Izzy Heltai has spent almost a decade working to be heard. From sleeping in parking lots to performing for hundreds of people, he is intentional in finding joy throughout his journey. Now that he’s reached a turning point in his career, the singer-songwriter’s hard work is finally paying off, with multiple tours lined up through the spring and a stint at this year’s Austin City Limits Music Festival. Heltai is currently on tour with Bear’s Den before hitting Zilker Park on Oct. 15.
Sometimes, obscured messages come billboard-sized. Brochstein Pavilion’s newest wall art debuted last Friday for the Moody Center for the Arts’ fourth iteration of their Off the Wall series, a partnership between Moody and the Glassell School of Art’s Core Residency Program. “Death Drive” was created by interdisciplinary artist Danielle Dean to critique capitalistic greed and its exploitation of environmental and labor resources. Specifically, Dean examines the case study of Fordlandia, a utopian city conceptualized by automobile maker Henry Ford and built in the Amazon Rainforest in the late 1920s. A now-derelict rubber factory, Fordlandia’s failure had devastating consequences for the natural environment and indigenous Brazilian populations.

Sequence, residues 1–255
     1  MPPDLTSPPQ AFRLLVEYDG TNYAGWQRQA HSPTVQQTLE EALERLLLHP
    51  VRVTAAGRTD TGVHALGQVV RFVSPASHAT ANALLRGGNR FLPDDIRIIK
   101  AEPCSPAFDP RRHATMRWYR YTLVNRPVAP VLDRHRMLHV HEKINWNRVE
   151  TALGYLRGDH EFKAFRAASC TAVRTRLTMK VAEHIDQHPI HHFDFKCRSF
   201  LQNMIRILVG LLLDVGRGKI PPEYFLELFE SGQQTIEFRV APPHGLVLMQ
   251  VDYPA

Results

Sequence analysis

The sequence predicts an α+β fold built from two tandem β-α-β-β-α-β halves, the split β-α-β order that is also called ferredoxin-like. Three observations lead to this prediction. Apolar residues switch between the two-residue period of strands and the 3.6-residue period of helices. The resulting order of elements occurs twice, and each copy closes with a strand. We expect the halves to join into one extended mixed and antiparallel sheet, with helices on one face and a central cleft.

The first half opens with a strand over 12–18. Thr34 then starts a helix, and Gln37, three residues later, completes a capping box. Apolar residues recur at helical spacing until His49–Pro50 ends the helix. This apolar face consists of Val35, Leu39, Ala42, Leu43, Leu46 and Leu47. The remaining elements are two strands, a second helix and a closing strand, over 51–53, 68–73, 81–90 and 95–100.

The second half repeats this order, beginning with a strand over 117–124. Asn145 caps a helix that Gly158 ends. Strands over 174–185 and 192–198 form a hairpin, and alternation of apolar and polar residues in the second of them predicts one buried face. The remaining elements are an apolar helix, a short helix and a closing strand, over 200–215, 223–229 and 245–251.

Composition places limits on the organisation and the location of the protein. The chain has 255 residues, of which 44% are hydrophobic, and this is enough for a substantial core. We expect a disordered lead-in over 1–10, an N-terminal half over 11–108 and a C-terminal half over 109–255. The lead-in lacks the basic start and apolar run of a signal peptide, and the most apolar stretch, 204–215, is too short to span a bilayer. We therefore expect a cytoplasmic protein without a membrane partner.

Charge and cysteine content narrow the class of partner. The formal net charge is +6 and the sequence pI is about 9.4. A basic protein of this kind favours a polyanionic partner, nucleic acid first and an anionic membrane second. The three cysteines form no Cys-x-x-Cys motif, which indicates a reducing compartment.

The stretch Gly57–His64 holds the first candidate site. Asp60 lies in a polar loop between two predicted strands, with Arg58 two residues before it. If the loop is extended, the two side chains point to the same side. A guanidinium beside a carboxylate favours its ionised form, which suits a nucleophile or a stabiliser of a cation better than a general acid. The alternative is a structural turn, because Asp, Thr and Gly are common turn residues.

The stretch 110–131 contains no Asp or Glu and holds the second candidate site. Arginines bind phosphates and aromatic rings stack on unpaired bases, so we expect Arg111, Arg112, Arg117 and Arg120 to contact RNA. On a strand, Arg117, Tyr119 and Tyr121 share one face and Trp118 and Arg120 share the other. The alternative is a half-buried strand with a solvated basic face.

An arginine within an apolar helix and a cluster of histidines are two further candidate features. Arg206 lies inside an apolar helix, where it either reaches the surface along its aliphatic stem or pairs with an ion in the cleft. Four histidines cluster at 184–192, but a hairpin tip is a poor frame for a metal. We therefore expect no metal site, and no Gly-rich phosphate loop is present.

Neverland has never been so magical. The last time choreographer Trey McIntyre’s “Peter Pan” appeared at the Wortham Theater Center for the Houston Ballet was ten years ago during the 2012-2013 season. This season, the show returned from Sept. 9 to Sept. 18 in full fashion, featuring fairies, flying flips and fantastical sets.
Arte Público Press, the oldest and largest Latine publishing house in the nation, has never taken things by the books. Instead, they’ve promoted Latine writing and culture despite national pushback. The Press celebrated their 40th anniversary on the first day of Hispanic Heritage Month with a performing arts gala held at the University of Houston’s Moores Opera House, featuring performances from Solero Flamenco, Brazilian dance company Sambabom, the Houston Grand Opera and more.
Rice is opening its first international campus in Paris, which aims to be fully operational midway through next spring semester. The Rice Global Paris Center will be Rice’s hub in Europe, expanding education and research opportunities for students and faculty alike and facilitating strategic collaborations with global partners.